T Cells as Treatment Targets in Systemic Lupus Erythematosus
Christine Konya and Vasileios C Kyttaris*
Beth Israel Deaconess Medical Center, Division of Rheumatology and Harvard Medical School, USA
- *Corresponding Author:
- Vasileios C Kyttaris
Division of Rheumatology and Harvard Medical School
330 Brookline Ave, CLS-936, Boston MA 02215, USA
E-mail: [email protected]
Received date: March 04, 2013; Accepted date: June 28, 2013; Published date: July 11, 2013
Citation: Konya C, Kyttaris VC (2013) T Cells as Treatment Targets in Systemic Lupus Erythematosus. Rheumatol Curr Res 3:120. doi: 10.4172/2161-1149.1000120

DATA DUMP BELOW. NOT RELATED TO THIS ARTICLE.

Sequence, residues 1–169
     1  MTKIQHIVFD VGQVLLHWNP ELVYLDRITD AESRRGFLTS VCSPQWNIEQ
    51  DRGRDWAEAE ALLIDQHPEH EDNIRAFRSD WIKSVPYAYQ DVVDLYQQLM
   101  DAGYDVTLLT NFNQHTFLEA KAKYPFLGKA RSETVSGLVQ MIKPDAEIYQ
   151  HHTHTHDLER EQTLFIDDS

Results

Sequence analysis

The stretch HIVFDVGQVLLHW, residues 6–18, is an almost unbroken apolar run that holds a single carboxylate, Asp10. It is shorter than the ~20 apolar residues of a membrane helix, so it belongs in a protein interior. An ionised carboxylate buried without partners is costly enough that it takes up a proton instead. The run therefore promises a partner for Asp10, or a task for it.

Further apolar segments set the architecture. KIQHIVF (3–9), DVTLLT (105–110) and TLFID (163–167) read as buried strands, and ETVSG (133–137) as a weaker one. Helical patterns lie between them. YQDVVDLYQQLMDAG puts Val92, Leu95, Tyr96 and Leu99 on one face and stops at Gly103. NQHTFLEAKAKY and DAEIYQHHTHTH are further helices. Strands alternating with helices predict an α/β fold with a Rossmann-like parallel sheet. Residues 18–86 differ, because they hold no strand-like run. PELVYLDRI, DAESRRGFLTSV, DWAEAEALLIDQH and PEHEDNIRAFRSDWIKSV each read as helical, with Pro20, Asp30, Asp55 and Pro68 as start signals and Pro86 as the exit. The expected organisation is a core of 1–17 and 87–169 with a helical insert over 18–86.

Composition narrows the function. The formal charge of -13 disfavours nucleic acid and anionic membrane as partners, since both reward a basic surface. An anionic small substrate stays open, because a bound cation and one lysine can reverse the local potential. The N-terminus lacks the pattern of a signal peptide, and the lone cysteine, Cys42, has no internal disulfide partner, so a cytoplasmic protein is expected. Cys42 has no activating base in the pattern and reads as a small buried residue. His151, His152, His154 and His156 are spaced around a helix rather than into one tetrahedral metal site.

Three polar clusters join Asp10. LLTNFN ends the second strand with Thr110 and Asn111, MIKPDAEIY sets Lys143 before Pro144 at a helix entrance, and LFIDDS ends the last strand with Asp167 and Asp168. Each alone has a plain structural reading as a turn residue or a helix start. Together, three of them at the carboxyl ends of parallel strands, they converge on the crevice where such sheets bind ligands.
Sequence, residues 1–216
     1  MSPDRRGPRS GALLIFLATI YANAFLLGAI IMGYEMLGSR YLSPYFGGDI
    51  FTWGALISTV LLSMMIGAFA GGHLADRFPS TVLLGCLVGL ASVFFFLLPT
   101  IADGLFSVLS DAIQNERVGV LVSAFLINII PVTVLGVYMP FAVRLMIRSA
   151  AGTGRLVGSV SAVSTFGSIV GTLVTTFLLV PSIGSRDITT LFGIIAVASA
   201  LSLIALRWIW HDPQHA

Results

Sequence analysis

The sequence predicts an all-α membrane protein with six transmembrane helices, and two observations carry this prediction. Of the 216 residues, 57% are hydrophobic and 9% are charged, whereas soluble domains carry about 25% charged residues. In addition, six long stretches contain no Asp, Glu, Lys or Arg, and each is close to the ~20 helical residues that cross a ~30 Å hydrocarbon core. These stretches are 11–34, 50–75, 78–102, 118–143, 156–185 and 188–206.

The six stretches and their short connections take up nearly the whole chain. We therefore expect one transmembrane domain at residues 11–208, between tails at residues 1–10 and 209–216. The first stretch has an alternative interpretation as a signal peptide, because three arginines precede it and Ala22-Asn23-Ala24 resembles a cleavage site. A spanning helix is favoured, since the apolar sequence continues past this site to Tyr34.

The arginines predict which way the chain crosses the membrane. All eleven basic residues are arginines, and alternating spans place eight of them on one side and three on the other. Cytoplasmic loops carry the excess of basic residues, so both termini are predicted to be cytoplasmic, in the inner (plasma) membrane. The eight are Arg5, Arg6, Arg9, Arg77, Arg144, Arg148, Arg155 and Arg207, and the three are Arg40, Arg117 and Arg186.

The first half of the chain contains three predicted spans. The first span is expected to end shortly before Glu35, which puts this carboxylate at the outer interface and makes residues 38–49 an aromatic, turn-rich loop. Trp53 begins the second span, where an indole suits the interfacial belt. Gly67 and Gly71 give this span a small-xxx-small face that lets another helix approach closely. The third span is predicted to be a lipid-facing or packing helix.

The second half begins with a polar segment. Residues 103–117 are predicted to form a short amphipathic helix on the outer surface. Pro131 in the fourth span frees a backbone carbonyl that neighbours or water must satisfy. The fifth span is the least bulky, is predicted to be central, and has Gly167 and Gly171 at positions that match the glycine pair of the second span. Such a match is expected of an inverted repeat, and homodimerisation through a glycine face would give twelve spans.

Copyright: © 2013 Konya C, et al. This is an open-access article distributed under the terms of the Creative Commons Attribution License, which permits unrestricted use, distribution, and reproduction in any medium, provided the original author and source are credited.
T cells play a central role in Systemic Lupus Erythematosus (SLE) pathogenesis. The discovery of key steps that lead to SLE T cell dysfunction allowed several investigators to propose targeted treatments for SLE. Herein, we discuss the potential of novel drugs targeting SLE T cells, such as fostamatinib and anti-IL-17 antibodies. Furthermore, we discuss the use of already approved medications such as rapamycin, dipyridamole and N acetylcysteine as targeted therapies for SLE.